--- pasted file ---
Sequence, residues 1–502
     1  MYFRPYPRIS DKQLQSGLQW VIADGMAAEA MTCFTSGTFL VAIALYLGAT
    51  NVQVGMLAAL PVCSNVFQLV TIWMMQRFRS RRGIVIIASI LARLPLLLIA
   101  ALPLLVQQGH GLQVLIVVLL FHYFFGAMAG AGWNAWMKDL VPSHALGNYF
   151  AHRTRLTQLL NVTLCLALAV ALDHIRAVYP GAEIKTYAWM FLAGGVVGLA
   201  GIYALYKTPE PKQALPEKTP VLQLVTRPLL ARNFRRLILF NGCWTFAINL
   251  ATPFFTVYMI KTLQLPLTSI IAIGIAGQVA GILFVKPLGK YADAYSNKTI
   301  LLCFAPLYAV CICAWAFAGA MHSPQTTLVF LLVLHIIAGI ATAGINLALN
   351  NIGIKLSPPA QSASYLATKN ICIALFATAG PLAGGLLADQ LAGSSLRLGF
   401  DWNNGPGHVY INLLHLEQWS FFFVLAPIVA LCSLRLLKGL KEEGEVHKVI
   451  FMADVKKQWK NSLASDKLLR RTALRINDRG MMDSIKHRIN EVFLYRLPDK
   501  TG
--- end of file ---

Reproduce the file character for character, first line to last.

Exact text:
Sequence, residues 1–502
     1  MYFRPYPRIS DKQLQSGLQW VIADGMAAEA MTCFTSGTFL VAIALYLGAT
    51  NVQVGMLAAL PVCSNVFQLV TIWMMQRFRS RRGIVIIASI LARLPLLLIA
   101  ALPLLVQQGH GLQVLIVVLL FHYFFGAMAG AGWNAWMKDL VPSHALGNYF
   151  AHRTRLTQLL NVTLCLALAV ALDHIRAVYP GAEIKTYAWM FLAGGVVGLA
   201  GIYALYKTPE PKQALPEKTP VLQLVTRPLL ARNFRRLILF NGCWTFAINL
   251  ATPFFTVYMI KTLQLPLTSI IAIGIAGQVA GILFVKPLGK YADAYSNKTI
   301  LLCFAPLYAV CICAWAFAGA MHSPQTTLVF LLVLHIIAGI ATAGINLALN
   351  NIGIKLSPPA QSASYLATKN ICIALFATAG PLAGGLLADQ LAGSSLRLGF
   401  DWNNGPGHVY INLLHLEQWS FFFVLAPIVA LCSLRLLKGL KEEGEVHKVI
   451  FMADVKKQWK NSLASDKLLR RTALRINDRG MMDSIKHRIN EVFLYRLPDK
   501  TG